Casson Conder Partnership, 1983
1-7 Cromwell Gardens, SW7 2SL
Part of an international family of Ismaili Centres, a religious, cultural and social space for the Shia Imami Ismaili Muslims. The serenity of the entrance fountain to the roof garden reflects Muslim traditions in architecture and design
14, 70, 74, 345, 414, C1
Near the Exhibition Road Museums Opposite the V&A
The Ismaili Centre, London, located in South Kensington, is a religious, cultural and social gathering space for the Shia Imami Ismaili Muslim community.
On event days, free guided tours are arranged for visitors upon arrival to the Ismaili Centre. Visitors are grouped in the entrance foyer, and then be led by tour guides for a tour of the building,
The Centre occupies an island site. To the north it is bounded by one of London’s busiest roads, Cromwell Road. To the west is Exhibition Road which runs from Hyde Park down to South Kensington Underground Station. A plaque commemorates the foundation laying ceremony, which was performed by the Late Lord Christopher Soames on September 6, 1979, in the presence of His Highness the Aga Khan. The building was opened on 25 April 1985 by the then Prime Minister, Margaret Thatcher.
The building was designed by the Casson Conder Partnership and built by the British firm, Fairclough Ltd, using the highest standard of workmanship. A number of experts have contributed to its design including the late Professor Oleg Grabar – a specialist in Islamic Art at Harvard University at that time, and Professor William Porter – the former Dean of the School of Architecture at MIT. Some of the detailed interiors were designed by a German Muslim – the late Karl Schlamminger – who was a renowned sculptor and designer, who drew inspiration from various parts of the Muslim world.
The design brief given to the architects was quite an unusual one, for here was a requirement of a building which provides a skilful fusion of East and West – a symbolic ‘meeting place’ between the Ismaili Muslim Community and the wider society. First and foremost, this building is a religious, cultural and social centre for the Shia Ismailis Muslims, yet it is also a London building and a contemporary building. The architects were instructed to ensure the building did not tower the surrounding historical buildings of the V&A Museum and the Natural History Museum, London. In order to accommodate this, the building was chamfered from the two longitudinal sides predominantly.
A range of different materials from around the globe were used throughout the building including Pentelikon marble from Greece, teak wood from Burma, Bianco Sardo granite from Sardinia, Oak wood from North America and blue Bahia from Brazil. Geometric patterns and calligraphy, two types of non-figural decorations in Islamic art, are commonly used in The Ismaili Centre London. Additionally, water, light, and repetition of elements on the ceiling/arch (e.g. Muqarnas) are another decorative features of Islamic architecture that are applied in The Ismaili Centre.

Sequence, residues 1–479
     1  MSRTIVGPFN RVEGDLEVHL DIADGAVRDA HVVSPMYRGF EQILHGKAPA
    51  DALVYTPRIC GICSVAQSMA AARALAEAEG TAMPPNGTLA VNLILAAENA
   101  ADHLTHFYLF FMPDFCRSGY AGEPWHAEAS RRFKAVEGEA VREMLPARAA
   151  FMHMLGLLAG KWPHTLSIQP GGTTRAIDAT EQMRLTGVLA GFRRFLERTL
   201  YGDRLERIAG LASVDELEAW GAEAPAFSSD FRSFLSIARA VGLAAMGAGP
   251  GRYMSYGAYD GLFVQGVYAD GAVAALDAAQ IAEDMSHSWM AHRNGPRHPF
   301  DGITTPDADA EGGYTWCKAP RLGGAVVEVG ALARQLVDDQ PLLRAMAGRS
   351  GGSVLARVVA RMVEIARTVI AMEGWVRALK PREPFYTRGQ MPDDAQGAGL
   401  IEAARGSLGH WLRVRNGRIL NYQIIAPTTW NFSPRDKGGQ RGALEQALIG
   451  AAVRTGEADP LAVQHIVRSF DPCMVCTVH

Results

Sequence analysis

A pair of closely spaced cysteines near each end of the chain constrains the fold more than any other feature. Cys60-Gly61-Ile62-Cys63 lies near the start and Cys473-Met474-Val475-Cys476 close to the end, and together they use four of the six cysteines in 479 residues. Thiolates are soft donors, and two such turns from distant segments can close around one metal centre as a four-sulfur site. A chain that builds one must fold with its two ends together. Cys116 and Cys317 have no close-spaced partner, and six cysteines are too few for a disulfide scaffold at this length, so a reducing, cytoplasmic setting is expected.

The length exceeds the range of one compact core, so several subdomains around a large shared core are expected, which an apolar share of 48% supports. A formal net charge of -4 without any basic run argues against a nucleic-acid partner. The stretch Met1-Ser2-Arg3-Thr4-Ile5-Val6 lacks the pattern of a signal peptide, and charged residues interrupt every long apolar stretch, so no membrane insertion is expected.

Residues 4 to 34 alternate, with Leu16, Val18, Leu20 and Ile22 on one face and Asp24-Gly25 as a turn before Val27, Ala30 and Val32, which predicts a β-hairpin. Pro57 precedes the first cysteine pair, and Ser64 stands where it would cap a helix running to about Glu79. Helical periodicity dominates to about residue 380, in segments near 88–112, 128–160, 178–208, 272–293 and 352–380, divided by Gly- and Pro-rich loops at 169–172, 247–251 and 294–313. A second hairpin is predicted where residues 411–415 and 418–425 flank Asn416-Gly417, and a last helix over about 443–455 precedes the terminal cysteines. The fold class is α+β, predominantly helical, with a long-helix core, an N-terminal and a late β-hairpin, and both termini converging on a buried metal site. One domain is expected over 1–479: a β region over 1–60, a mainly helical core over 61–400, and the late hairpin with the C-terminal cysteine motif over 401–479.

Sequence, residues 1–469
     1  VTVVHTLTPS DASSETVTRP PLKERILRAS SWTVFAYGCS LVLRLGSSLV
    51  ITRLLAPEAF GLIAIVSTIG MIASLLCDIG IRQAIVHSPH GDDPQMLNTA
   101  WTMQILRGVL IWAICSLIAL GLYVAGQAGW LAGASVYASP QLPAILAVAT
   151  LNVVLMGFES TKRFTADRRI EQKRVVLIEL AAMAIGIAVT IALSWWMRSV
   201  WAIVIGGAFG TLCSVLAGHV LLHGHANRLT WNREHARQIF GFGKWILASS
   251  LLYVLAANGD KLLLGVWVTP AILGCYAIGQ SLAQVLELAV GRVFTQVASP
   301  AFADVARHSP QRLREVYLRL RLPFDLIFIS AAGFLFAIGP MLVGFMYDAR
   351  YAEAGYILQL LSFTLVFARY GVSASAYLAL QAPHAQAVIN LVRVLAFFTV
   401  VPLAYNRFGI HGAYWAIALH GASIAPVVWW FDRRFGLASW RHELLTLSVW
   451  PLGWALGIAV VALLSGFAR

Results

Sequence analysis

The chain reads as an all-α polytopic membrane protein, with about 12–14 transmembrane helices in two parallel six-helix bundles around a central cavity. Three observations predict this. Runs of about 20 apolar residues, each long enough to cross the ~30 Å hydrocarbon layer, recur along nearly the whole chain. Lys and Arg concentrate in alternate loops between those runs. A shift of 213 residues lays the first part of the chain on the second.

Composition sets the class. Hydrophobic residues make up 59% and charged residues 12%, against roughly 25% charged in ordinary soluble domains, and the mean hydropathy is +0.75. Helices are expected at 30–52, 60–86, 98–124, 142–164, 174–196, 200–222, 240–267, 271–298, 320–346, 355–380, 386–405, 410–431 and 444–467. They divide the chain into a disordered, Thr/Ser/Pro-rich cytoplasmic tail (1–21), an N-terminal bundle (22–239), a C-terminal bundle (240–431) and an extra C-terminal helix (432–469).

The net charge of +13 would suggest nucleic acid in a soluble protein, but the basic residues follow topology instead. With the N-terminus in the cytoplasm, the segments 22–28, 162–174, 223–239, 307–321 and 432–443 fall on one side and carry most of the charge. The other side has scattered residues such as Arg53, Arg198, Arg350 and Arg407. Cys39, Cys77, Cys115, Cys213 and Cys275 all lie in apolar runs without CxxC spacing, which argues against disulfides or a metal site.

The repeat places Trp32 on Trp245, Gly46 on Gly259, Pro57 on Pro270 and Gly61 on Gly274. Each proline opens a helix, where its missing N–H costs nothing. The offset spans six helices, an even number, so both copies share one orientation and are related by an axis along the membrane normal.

At the top of the building sits the Roof Garden, described as one of London’s ‘best kept gems’ sits on independent structure, planned and built as a separate entity. From the rooftop, one can see the neighbouring domes of the Victoria & Albert Museum, the Brompton Oratory and the roof of the Natural History Museum towering above the Ismaili Centre.
Such is the significance of art, culture and the dissemination of knowledge within the Shia Ismaili community that an existing space within the Ismaili Centre has a high quality, multi-functional area, the “Zamana Space”. Being located in the heart of London’s Cultural Quarter this space will be dedicated to events and leisure with external organisations of the Exhibition Road Cultural Group, which represents 16 arts, culture and learning institutions in South Kensington, of which the Ismaili Centre is a member.
The Islamic design aspects showcased throughout the building including the entrance foyer fountain and calligraphy by the late Karl Schlamminger, a german Muslim specialising in the geometrical traditions and symbolic significance of Islamic design and pattern, also designed the finishes of the outer entrance hall and Prayer Hall. The architect designed the other interiors sometimes incorporating patterned ceilings also designed by Mr Schlamminger – notably the gently vaulted ceiling in the Council Chamber and Conference Room.
This last design delineated by recessed painted lines provided the starting point for a linking theme, devised by the architects, and used throughout the building. It comprises a related set of fibrous plaster sections, with both blue-painted and white-painted grooves, and is used to divide the walls into panel-work and create an "order" of interior architecture, grooving the plaster at the movement joints and at junctions to ceilings, and incorporating the door positions and air grilles. Mr Schlamminger also designed the chandelier and light fittings in the Social Hall and all the patterned carpets and curtains.
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